Ontario queers who face police harassment or brutality will no longer be forced to file complaints with the offending officer’s own force, although that force may end up investigating it anyway.
Provincial Attorney General Michael Bryant introduced legislation on Apr 19 that would set up an independent civilian agency to investigate complaints against police and to review police conduct.
Those dealing with cases of police abuse say the establishment of such an agency would be a very positive move.
“I’ve assisted many people with complaints and certainly there’s been an intimidation factor,” says Howard Shulman, coordinator of the 519 Community Centre’s antiviolence program and a member of the LGBT [lesbian, gay, bisexual, trans] Community Police Consultative Committee. “It sounds like it’s a good step.
“Each year, we get around 10 complaints [against police], but that’s only the ones that are reported to The 519. That’s everything from [allegations of] verbal harassment to physical assault.”
Police forces have internally investigated complaints for the past decade, since the Mike Harris Conservative government dismantled the previous system of civilian oversight. The Liberal government asked Patrick Lesage, former chief justice of Ontario’s Superior Court Of Justice, to investigate that system of internal review; the new legislation is based largely on Lesage’s recommendations.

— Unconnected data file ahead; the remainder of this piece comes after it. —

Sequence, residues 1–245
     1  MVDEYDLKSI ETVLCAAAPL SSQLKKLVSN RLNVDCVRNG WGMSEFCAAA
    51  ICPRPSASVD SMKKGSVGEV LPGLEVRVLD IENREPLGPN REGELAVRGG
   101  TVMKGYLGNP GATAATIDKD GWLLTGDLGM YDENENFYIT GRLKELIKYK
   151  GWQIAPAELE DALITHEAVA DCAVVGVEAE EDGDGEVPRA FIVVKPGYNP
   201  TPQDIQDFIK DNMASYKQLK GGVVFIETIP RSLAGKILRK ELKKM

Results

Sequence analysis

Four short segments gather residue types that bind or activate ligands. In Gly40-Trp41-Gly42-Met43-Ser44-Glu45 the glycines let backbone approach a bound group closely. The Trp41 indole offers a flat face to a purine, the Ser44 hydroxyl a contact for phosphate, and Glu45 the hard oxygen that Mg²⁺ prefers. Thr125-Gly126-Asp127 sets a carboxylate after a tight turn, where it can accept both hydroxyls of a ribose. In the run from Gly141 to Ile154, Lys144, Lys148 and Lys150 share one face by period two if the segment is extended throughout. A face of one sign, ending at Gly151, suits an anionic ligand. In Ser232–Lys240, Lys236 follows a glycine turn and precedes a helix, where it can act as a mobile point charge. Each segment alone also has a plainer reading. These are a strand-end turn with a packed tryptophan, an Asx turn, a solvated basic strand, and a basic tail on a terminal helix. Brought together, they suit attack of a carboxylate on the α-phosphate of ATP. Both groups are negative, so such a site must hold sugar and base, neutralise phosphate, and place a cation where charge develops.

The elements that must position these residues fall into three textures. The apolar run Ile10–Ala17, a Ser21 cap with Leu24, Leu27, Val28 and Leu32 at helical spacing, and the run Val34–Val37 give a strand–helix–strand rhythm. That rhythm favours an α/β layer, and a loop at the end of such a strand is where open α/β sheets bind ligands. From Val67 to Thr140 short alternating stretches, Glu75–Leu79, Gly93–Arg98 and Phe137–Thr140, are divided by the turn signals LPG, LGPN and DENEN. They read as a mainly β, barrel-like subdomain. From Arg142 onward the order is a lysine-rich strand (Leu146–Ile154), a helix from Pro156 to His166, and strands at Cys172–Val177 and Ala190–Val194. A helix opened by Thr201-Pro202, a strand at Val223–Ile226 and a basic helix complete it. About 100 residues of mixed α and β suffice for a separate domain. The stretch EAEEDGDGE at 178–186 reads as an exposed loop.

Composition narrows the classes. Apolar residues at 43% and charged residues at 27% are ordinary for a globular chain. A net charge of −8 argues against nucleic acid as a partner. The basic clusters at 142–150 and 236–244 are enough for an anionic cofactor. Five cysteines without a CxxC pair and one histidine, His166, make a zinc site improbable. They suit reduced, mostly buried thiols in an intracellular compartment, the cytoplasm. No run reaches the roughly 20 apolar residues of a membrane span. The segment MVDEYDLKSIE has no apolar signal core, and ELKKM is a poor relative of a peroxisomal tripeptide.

Bryant told the legislature that he wanted to establish a system “that has the confidence and the respect of both the public and the police.”
The legislation calls for the establishment of an independent civilian body, led by an independent police review director, who would be responsible for the initial screening of all police complaints. The director would have the authority to decide on a case-by-case basis whether to have their own staff investigate or refer it to the police service involved or a different police service for investigation.
Brendan Crawley, a spokesperson for the Ministry Of The Attorney General, says the agency would take about a year to establish and would have an annual budget of $6 million. The first step if the legislation passes, he says, would be for the government to hire the director.
“The person would have to be acceptable to both the police and the public,” says Crawley. “The person would need to have an intimate knowledge of policing and the history of policing in the province.”
Crawley says the process by which the director would be found hasn’t been settled, which concerns observers like Shulman, who worry that the province’s minority communities will be left out.
“I’m looking to find out how this body will be established and run,” he says. “Who the person is going to be will set a lot of the tone. We’re hoping for someone who has knowledge of Toronto and its diversity.”
Crawley says the legislation still allows the discipline for a police officer to be determined by the chief of a force, although the director of the new agency will be able to review the decision. The legislation isn’t clear on what happens if the director feels the discipline is too lenient. Crawley says he also expects police will be required to cooperate with the new agency.
“It would be our anticipation that cooperation by individual police officers would be no different than it is now. If the chief of police is investigating now, officers are required to cooperate.”